In a wide-ranging State of the City Address Wednesday, perhaps the best news was that Mayor Adrian O. Mapp had to share was the surge in development, with over 60 potential projects representing a more than $230 million dollar investment in the city.
When he took office in January 2014, he said, the word on the street was that "Plainfield is a difficult place to do business." Mapp filled a vacant cabinet-level post for economic development and examined how developers fared as they moved through the process. Now, he said, the city has a reputation for welcoming serious business partners and investors have taken note.
Mapp listed a 212-unit, $59 million luxury apartment project on South Avenue and two major projects in the city's West End as examples of the change.
He also announced an agreement with a developer for the vacant Muhlenberg site where a medical center closed in 2008 and said it will have "a major health care component."
In all, the address took over an hour. Click the link to see the full 2017 State of the City Address.
Mapp also reported improvements in public safety, fiscal controls, community health and recreation. In addition, an outstanding resident from each of the city's four wards was honored and given a plaque. The recipients were First Ward resident Nelson Santana, a businessman and commissioner with the Plainfield Advisory Commission on Hispanic Affairs; Second Ward resident Mary Burgwinkle, an advocate for the arts and member of the Plainfield Charter Study Commission; Third Ward resident Bob Wilson, not present but described as a civic leader and mentor to youth; and Fourth Ward resident Stacey Welch, an entrepreneur and owner of LiVay Sweet Shop who also organizes charity drives.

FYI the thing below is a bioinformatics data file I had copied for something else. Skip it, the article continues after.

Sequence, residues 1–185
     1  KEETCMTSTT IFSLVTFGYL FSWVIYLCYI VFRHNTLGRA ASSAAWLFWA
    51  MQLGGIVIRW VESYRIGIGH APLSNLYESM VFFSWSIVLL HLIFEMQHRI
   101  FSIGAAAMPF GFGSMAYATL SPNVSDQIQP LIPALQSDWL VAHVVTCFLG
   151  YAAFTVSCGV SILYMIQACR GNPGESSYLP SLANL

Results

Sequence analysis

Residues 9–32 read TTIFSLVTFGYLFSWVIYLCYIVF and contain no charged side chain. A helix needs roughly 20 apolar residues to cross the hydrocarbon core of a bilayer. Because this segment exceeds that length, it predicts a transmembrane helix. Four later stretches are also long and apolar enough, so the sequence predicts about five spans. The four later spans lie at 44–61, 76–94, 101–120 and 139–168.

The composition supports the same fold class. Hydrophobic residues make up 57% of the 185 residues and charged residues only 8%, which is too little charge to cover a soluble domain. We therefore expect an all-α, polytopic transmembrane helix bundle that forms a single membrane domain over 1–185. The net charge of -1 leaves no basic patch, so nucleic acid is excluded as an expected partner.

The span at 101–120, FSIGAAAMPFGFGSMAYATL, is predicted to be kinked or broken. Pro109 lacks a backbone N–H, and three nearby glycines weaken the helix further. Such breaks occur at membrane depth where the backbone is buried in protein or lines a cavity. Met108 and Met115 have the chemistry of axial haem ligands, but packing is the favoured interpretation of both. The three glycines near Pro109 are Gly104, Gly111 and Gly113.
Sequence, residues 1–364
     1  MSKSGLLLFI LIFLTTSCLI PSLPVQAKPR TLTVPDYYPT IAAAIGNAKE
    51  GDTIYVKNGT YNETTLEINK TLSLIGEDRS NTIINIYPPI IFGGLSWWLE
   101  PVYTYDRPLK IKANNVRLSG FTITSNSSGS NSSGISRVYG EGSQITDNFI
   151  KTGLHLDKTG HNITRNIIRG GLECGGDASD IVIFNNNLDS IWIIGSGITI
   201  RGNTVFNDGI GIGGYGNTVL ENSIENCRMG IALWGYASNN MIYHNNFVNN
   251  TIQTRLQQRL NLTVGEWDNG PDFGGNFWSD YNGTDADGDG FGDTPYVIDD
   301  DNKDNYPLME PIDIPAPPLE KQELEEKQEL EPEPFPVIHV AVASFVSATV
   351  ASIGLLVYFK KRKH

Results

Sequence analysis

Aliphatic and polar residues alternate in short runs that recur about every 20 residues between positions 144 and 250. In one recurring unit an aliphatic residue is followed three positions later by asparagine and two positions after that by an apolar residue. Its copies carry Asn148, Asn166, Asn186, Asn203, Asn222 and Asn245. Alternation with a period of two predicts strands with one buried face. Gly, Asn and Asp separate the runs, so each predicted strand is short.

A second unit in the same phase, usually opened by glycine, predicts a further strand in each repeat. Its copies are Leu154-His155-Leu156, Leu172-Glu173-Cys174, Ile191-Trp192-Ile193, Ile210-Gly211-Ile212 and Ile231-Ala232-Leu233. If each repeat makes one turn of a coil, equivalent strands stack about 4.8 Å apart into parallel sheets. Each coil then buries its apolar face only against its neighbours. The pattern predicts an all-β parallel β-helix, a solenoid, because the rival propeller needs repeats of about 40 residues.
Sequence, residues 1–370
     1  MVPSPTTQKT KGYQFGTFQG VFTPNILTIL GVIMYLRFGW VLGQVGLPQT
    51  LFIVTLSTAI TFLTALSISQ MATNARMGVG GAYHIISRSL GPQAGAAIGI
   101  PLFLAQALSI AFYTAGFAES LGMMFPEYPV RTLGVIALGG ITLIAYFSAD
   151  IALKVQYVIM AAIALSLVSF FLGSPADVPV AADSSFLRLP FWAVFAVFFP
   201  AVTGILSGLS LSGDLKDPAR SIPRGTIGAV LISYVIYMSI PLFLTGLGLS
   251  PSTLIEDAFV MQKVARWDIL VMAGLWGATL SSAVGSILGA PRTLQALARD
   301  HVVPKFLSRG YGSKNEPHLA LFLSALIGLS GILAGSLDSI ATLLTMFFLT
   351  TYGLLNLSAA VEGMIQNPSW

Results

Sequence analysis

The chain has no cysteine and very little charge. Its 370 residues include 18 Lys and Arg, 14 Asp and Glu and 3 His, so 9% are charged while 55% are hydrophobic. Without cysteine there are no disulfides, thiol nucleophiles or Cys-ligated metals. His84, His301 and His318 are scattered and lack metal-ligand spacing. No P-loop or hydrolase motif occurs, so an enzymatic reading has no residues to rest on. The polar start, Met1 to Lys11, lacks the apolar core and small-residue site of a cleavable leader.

Council members Barry Goode, Joylette Mills-Ransome, Cory Storch, Charles McRae and Council President Rebecca Williams attended the event, along with many cabinet members.
Looking ahead, Mapp announced proposed improvements at Hannah Atkins Center to produce "a compelling community space with updated recreational and community revitalizing features" that will make it a hub for community services. The future also holds improvements at Rushmore Playground and Seidler Field, as well as a new skate park in Madison Avenue Park, he said.
"It's going to be an exciting year, but we're not done yet," he said, going on to describe goals including a permanent "One-Seat Ride" to New York City, road improvements, an on-time budget and technology training for students.
On a personal note, before describing a new educational campaign Mapp traced his beginnings in Barbados, where his grandmother cared for him while his mother worked on Long island, N.Y.
""We were very poor, and we knew it," he said, noting how he often went hungry and poorly clothed. Through it all, his grandmother drilled into him the need to gain an education. After migrating to America, he said, "I worked my way from Union County College to Rutgers University, from Rutgers to Fairleigh Dickinson .." persevering despite many challenges.
Believing education and early financial literacy are keys to success, Mapp now wants to establish "Plainfield Promise," a program to provide a bank account of up to $500 for every child starting school in Plainfield and a challenge for students to complete high school and qualify for college and, if they can't afford it, a promise to pay for them to attend Union County College. See more on Plainfield Promise here.
As the crowd at the Senior Center began to disperse after hearing the address, Plaintalker asked a couple of people for their impressions. Shirley Dean said she was most impressed by the Plainfield Promise concept, while Elizabeth Lee said she was amazed at Mapp's recounting of his early struggle to succeed.
"It made me feel kind of sad," she said, though admiring his determination.